Sweden

25%

12%

UK

20%

20%

Source: European Commission (2017a), Database of Key Taxes on the EU Tourism Sector, August 2017

Chart 5: Standard and Hotel Accommodation VAT Rates Across EU Member States, 2017

Chart 5: Standard and Hotel Accommodation VAT Rates Across EU Member States, 2017

Source: European Commission (2017a), Database of Key Taxes on the EU Tourism Sector, August 2017

Occupancy Taxes

Occupancy taxes (also referred to as bed, room, tourist or transient visitor taxes) are largely focused on tourism or accommodation providers, and are typically levied on short term residences in paid accommodation[16]. They are levied by eighteen[17] EU Member States, and by others including the USA, and Canada. Among EU Member States, over one-third (the UK, Ireland, Denmark, Sweden, Finland, Estonia, Latvia, Luxembourg and Cyprus) do not levy an occupancy tax. Among EU Member States that levy an occupancy tax, all with the exception of Malta do so at local government level – i.e. at city, municipality or region level.

Models of occupancy taxes vary across EU Member States, and across cities. They have been levied on a number of bases, including[18]:

  • Per person, per night;
  • Per room, per night;
  • As a proportion of the room cost (in the case of cities like Amsterdam and Berlin).

Tax rates applied also vary widely. Some cities, such as Paris, Rome, Venice and Barcelona, vary the tax levied according to the quality rating of the accommodation, while others such as Lisbon operate a fixed charge per person, per night. Reduced rates or exemptions may also be applied, for instance for children, local residents, or business travellers[19], while caps on tax levied may also be applied[20]. Annex A gives examples of models and rates operated across different EU Member States.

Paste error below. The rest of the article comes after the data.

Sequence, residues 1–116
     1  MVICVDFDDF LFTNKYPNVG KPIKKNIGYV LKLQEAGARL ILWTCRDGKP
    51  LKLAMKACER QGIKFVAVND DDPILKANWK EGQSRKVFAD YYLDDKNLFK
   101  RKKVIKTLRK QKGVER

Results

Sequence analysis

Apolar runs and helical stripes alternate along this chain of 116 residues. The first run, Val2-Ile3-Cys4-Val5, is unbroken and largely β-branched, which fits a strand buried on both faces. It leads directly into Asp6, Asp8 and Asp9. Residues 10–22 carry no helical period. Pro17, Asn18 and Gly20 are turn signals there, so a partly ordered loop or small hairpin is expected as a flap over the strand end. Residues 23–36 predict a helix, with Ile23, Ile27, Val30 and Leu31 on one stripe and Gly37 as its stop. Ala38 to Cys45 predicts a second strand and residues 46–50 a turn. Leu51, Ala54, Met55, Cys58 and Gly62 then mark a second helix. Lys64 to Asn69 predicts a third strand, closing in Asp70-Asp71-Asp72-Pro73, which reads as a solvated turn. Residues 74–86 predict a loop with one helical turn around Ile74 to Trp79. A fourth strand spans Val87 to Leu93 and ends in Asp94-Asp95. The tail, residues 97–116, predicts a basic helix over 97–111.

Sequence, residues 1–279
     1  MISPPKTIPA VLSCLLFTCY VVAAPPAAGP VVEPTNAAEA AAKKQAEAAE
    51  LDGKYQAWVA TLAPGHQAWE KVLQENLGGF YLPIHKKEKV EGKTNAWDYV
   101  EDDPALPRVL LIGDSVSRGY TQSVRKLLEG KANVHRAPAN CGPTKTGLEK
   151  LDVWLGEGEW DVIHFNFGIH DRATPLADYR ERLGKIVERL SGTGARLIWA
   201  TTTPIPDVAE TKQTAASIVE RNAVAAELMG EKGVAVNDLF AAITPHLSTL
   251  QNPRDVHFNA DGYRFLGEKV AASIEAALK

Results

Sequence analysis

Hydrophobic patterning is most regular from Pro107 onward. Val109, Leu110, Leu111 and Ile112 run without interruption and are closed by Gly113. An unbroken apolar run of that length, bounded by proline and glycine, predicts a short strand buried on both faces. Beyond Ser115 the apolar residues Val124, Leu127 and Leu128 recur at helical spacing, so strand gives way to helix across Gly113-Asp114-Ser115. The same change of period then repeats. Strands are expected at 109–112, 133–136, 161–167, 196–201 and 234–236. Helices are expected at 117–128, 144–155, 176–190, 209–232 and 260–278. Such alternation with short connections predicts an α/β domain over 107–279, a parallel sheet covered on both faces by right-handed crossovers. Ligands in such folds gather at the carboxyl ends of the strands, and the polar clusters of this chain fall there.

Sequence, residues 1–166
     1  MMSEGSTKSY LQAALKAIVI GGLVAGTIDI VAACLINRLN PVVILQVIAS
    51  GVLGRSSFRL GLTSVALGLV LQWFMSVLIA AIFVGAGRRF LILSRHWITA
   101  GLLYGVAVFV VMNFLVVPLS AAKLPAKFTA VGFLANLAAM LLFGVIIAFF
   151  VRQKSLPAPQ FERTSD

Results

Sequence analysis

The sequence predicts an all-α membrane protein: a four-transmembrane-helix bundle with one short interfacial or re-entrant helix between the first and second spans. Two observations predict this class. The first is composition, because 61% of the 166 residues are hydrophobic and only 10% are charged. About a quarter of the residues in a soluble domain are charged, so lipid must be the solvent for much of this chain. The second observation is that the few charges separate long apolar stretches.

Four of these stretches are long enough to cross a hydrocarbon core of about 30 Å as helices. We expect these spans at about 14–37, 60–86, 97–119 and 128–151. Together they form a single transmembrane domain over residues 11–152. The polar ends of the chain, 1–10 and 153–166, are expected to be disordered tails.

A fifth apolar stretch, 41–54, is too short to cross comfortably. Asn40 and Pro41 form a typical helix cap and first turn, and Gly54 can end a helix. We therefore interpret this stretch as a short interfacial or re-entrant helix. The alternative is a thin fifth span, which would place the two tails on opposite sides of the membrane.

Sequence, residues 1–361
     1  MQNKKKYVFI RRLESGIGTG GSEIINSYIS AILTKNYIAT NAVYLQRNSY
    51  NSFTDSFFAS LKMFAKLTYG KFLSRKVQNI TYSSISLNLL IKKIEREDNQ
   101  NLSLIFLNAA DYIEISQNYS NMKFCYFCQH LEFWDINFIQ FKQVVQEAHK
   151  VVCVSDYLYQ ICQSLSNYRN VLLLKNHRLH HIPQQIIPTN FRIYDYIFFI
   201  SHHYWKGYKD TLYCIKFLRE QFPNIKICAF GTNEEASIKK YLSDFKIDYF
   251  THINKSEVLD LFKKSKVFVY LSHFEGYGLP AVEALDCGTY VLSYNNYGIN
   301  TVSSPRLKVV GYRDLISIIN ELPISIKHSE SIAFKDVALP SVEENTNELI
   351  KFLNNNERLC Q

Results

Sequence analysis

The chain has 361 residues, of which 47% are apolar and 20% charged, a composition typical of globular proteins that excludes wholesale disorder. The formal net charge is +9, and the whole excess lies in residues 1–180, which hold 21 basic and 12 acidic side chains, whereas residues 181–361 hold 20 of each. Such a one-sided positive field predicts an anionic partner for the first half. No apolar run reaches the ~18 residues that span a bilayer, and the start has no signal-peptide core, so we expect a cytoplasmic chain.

Approaches to collection may also vary across jurisdictions: they may be included in the price paid in advance for accommodation, or may be payable in person; they may be paid by the accommodation owner directly, or through intermediary platforms like AirBnB. In some instances, such as in Germany, VAT may also be applied on top of the tax[21].

Use of revenues from occupancy taxes varies across areas that levy them. In a number of EU Member States, including Croatia, France, Malta and parts of Spain, revenues from occupancy taxes are hypothecated, with revenues directed towards supporting the tourism sector[22]. Activities supported include:

  • Croatia: funding for local tourist boards and financing of promotional activities;
  • Spain (Balearics): environmental protection and conservation, historical and cultural preservation and restoration, workforce training;
  • Lithuania (Palanga): improvement of tourism marketing and city infrastructure;
  • Germany: access to facilities in some spa towns.

The beneficiaries of occupancy taxes can also vary. In the case of Croatia, revenues are shared among different bodies, including cities, counties, the national tourist board, and the Red Cross, while Catalonia distributes revenues among municipalities, local tourist boards, and the regional tourist agency.


Contact

Email: Kevin Brady